14.
PLoS Comput Biol ; 17(12): e1009629, 2021 12.
Article in English | MEDLINE | ID: covidwho-1581906

ABSTRACT

Identifying order of symptom onset of infectious diseases might aid in differentiating symptomatic infections earlier in a population thereby enabling non-pharmaceutical interventions and reducing disease spread. Previously, we developed a mathematical model predicting the order of symptoms based on data from the initial outbreak of SARS-CoV-2 in China using symptom occurrence at diagnosis and found that the order of COVID-19 symptoms differed from that of other infectious diseases including influenza. Whether this order of COVID-19 symptoms holds in the USA under changing conditions is unclear. Here, we use modeling to predict the order of symptoms using data from both the initial outbreaks in China and in the USA. Whereas patients in China were more likely to have fever before cough and then nausea/vomiting before diarrhea, patients in the USA were more likely to have cough before fever and then diarrhea before nausea/vomiting. Given that the D614G SARS-CoV-2 variant that rapidly spread from Europe to predominate in the USA during the first wave of the outbreak was not present in the initial China outbreak, we hypothesized that this mutation might affect symptom order. Supporting this notion, we found that as SARS-CoV-2 in Japan shifted from the original Wuhan reference strain to the D614G variant, symptom order shifted to the USA pattern. Google Trends analyses supported these findings, while weather, age, and comorbidities did not affect our model's predictions of symptom order. These findings indicate that symptom order can change with mutation in viral disease and raise the possibility that D614G variant is more transmissible because infected people are more likely to cough in public before being incapacitated with fever.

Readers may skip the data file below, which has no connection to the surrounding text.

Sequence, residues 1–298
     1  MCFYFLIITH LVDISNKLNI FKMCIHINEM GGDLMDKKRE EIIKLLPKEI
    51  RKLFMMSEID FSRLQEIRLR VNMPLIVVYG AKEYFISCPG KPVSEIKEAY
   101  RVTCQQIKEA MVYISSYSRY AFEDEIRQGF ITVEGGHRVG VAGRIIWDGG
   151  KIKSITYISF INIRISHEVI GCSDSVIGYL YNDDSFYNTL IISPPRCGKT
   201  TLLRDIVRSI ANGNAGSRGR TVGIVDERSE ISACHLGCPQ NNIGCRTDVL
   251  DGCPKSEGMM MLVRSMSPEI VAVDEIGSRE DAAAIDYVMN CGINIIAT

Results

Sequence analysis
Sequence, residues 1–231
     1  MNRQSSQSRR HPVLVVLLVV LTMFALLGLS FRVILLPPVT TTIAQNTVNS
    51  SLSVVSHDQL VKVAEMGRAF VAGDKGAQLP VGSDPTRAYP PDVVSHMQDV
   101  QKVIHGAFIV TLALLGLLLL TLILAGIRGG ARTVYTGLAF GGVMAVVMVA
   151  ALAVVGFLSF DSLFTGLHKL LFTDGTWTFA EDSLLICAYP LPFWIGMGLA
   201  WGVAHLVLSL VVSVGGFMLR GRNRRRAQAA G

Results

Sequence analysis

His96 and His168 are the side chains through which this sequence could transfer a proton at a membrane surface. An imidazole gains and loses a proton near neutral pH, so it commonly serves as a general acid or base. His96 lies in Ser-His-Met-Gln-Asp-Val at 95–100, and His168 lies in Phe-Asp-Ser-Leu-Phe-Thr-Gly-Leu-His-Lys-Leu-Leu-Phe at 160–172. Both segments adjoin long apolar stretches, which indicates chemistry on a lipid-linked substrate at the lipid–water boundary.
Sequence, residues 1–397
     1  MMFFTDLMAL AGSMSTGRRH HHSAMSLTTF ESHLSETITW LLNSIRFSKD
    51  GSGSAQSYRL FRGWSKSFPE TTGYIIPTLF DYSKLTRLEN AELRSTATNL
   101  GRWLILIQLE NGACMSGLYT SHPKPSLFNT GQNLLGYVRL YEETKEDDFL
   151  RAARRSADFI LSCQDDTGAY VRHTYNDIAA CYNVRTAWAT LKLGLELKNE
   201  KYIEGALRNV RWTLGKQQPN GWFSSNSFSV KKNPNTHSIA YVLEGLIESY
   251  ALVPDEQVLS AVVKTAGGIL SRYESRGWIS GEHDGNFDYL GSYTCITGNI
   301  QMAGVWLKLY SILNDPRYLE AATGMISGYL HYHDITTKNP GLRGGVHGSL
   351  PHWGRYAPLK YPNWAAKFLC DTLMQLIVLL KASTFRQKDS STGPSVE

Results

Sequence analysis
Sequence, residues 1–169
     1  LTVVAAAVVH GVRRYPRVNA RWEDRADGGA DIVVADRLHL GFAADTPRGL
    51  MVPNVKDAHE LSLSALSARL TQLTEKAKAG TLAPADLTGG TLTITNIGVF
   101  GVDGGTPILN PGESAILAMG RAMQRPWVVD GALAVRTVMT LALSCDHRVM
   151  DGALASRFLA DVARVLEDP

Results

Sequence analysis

Subject(s)
COVID-19/diagnosis , COVID-19/virology , Models, Biological , SARS-CoV-2 , COVID-19/epidemiology , China/epidemiology , Computational Biology , Cough/etiology , Diarrhea/etiology , Fever/etiology , Humans , Japan/epidemiology , Mutation , Nausea/etiology , Pandemics , SARS-CoV-2/genetics , SARS-CoV-2/pathogenicity , Time Factors , United States/epidemiology , Vomiting/etiology